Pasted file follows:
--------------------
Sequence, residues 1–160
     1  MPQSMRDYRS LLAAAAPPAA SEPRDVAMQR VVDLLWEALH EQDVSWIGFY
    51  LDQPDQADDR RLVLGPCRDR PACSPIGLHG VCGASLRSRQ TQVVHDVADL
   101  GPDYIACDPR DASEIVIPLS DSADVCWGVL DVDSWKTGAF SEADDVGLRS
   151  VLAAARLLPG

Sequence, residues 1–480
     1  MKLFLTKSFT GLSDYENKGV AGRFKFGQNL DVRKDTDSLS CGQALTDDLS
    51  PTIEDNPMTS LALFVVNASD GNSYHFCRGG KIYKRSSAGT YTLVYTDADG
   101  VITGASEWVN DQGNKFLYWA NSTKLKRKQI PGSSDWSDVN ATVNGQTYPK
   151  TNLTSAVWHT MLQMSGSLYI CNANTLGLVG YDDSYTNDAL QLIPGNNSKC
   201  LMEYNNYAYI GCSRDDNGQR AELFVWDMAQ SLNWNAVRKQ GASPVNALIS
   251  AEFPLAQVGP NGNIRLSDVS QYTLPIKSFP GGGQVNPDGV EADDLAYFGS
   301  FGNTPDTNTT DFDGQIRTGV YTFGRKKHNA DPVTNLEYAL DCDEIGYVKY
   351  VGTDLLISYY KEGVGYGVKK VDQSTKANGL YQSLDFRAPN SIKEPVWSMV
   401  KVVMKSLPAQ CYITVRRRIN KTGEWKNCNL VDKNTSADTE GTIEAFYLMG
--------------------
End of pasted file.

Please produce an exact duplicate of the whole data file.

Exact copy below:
Sequence, residues 1–160
     1  MPQSMRDYRS LLAAAAPPAA SEPRDVAMQR VVDLLWEALH EQDVSWIGFY
    51  LDQPDQADDR RLVLGPCRDR PACSPIGLHG VCGASLRSRQ TQVVHDVADL
   101  GPDYIACDPR DASEIVIPLS DSADVCWGVL DVDSWKTGAF SEADDVGLRS
   151  VLAAARLLPG

Sequence, residues 1–480
     1  MKLFLTKSFT GLSDYENKGV AGRFKFGQNL DVRKDTDSLS CGQALTDDLS
    51  PTIEDNPMTS LALFVVNASD GNSYHFCRGG KIYKRSSAGT YTLVYTDADG
   101  VITGASEWVN DQGNKFLYWA NSTKLKRKQI PGSSDWSDVN ATVNGQTYPK
   151  TNLTSAVWHT MLQMSGSLYI CNANTLGLVG YDDSYTNDAL QLIPGNNSKC
   201  LMEYNNYAYI GCSRDDNGQR AELFVWDMAQ SLNWNAVRKQ GASPVNALIS
   251  AEFPLAQVGP NGNIRLSDVS QYTLPIKSFP GGGQVNPDGV EADDLAYFGS
   301  FGNTPDTNTT DFDGQIRTGV YTFGRKKHNA DPVTNLEYAL DCDEIGYVKY
   351  VGTDLLISYY KEGVGYGVKK VDQSTKANGL YQSLDFRAPN SIKEPVWSMV
   401  KVVMKSLPAQ CYITVRRRIN KTGEWKNCNL VDKNTSADTE GTIEAFYLMG